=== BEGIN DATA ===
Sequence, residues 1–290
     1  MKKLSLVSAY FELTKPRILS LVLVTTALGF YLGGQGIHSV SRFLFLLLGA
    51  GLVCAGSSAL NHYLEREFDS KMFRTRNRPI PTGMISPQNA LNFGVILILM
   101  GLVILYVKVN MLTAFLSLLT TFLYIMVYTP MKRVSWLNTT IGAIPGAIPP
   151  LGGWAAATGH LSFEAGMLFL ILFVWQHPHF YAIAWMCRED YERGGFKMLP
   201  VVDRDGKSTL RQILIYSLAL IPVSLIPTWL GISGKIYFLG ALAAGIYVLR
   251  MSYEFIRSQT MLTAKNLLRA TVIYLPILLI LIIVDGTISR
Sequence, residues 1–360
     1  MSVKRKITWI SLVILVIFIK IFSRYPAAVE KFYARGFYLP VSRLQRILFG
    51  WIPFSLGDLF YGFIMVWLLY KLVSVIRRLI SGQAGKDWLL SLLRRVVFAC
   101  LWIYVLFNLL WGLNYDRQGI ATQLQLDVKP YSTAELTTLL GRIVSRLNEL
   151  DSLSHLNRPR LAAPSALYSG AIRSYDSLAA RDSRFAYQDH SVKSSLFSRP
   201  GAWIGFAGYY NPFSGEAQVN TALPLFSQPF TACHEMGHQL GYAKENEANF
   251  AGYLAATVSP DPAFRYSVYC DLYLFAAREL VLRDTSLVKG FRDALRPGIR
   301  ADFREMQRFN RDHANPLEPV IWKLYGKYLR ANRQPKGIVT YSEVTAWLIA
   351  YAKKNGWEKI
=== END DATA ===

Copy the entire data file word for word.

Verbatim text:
Sequence, residues 1–290
     1  MKKLSLVSAY FELTKPRILS LVLVTTALGF YLGGQGIHSV SRFLFLLLGA
    51  GLVCAGSSAL NHYLEREFDS KMFRTRNRPI PTGMISPQNA LNFGVILILM
   101  GLVILYVKVN MLTAFLSLLT TFLYIMVYTP MKRVSWLNTT IGAIPGAIPP
   151  LGGWAAATGH LSFEAGMLFL ILFVWQHPHF YAIAWMCRED YERGGFKMLP
   201  VVDRDGKSTL RQILIYSLAL IPVSLIPTWL GISGKIYFLG ALAAGIYVLR
   251  MSYEFIRSQT MLTAKNLLRA TVIYLPILLI LIIVDGTISR
Sequence, residues 1–360
     1  MSVKRKITWI SLVILVIFIK IFSRYPAAVE KFYARGFYLP VSRLQRILFG
    51  WIPFSLGDLF YGFIMVWLLY KLVSVIRRLI SGQAGKDWLL SLLRRVVFAC
   101  LWIYVLFNLL WGLNYDRQGI ATQLQLDVKP YSTAELTTLL GRIVSRLNEL
   151  DSLSHLNRPR LAAPSALYSG AIRSYDSLAA RDSRFAYQDH SVKSSLFSRP
   201  GAWIGFAGYY NPFSGEAQVN TALPLFSQPF TACHEMGHQL GYAKENEANF
   251  AGYLAATVSP DPAFRYSVYC DLYLFAAREL VLRDTSLVKG FRDALRPGIR
   301  ADFREMQRFN RDHANPLEPV IWKLYGKYLR ANRQPKGIVT YSEVTAWLIA
   351  YAKKNGWEKI